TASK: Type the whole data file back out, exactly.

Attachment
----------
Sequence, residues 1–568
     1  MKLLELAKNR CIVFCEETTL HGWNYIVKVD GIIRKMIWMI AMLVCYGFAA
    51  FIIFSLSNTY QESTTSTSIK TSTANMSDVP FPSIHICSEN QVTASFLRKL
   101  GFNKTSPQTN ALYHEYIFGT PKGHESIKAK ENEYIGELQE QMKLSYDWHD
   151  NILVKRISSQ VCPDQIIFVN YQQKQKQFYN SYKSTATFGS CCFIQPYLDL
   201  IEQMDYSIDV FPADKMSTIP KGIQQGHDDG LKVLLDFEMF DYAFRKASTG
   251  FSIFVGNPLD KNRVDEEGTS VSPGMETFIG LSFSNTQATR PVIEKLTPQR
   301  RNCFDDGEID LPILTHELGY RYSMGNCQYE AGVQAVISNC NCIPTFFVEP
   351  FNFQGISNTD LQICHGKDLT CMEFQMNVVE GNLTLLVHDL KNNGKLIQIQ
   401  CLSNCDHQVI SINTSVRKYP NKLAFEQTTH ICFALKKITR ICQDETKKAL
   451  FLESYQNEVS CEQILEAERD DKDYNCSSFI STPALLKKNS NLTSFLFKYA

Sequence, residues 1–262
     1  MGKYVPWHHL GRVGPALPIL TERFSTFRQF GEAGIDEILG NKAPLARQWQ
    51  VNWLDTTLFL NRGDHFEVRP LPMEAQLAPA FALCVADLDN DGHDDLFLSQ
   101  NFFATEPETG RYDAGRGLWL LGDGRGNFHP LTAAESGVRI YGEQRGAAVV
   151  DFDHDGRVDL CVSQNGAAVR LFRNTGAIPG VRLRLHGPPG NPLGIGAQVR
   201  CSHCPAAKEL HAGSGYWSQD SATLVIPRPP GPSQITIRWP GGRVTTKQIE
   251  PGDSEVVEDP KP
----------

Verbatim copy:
Sequence, residues 1–568
     1  MKLLELAKNR CIVFCEETTL HGWNYIVKVD GIIRKMIWMI AMLVCYGFAA
    51  FIIFSLSNTY QESTTSTSIK TSTANMSDVP FPSIHICSEN QVTASFLRKL
   101  GFNKTSPQTN ALYHEYIFGT PKGHESIKAK ENEYIGELQE QMKLSYDWHD
   151  NILVKRISSQ VCPDQIIFVN YQQKQKQFYN SYKSTATFGS CCFIQPYLDL
   201  IEQMDYSIDV FPADKMSTIP KGIQQGHDDG LKVLLDFEMF DYAFRKASTG
   251  FSIFVGNPLD KNRVDEEGTS VSPGMETFIG LSFSNTQATR PVIEKLTPQR
   301  RNCFDDGEID LPILTHELGY RYSMGNCQYE AGVQAVISNC NCIPTFFVEP
   351  FNFQGISNTD LQICHGKDLT CMEFQMNVVE GNLTLLVHDL KNNGKLIQIQ
   401  CLSNCDHQVI SINTSVRKYP NKLAFEQTTH ICFALKKITR ICQDETKKAL
   451  FLESYQNEVS CEQILEAERD DKDYNCSSFI STPALLKKNS NLTSFLFKYA

Sequence, residues 1–262
     1  MGKYVPWHHL GRVGPALPIL TERFSTFRQF GEAGIDEILG NKAPLARQWQ
    51  VNWLDTTLFL NRGDHFEVRP LPMEAQLAPA FALCVADLDN DGHDDLFLSQ
   101  NFFATEPETG RYDAGRGLWL LGDGRGNFHP LTAAESGVRI YGEQRGAAVV
   151  DFDHDGRVDL CVSQNGAAVR LFRNTGAIPG VRLRLHGPPG NPLGIGAQVR
   201  CSHCPAAKEL HAGSGYWSQD SATLVIPRPP GPSQITIRWP GGRVTTKQIE
   251  PGDSEVVEDP KP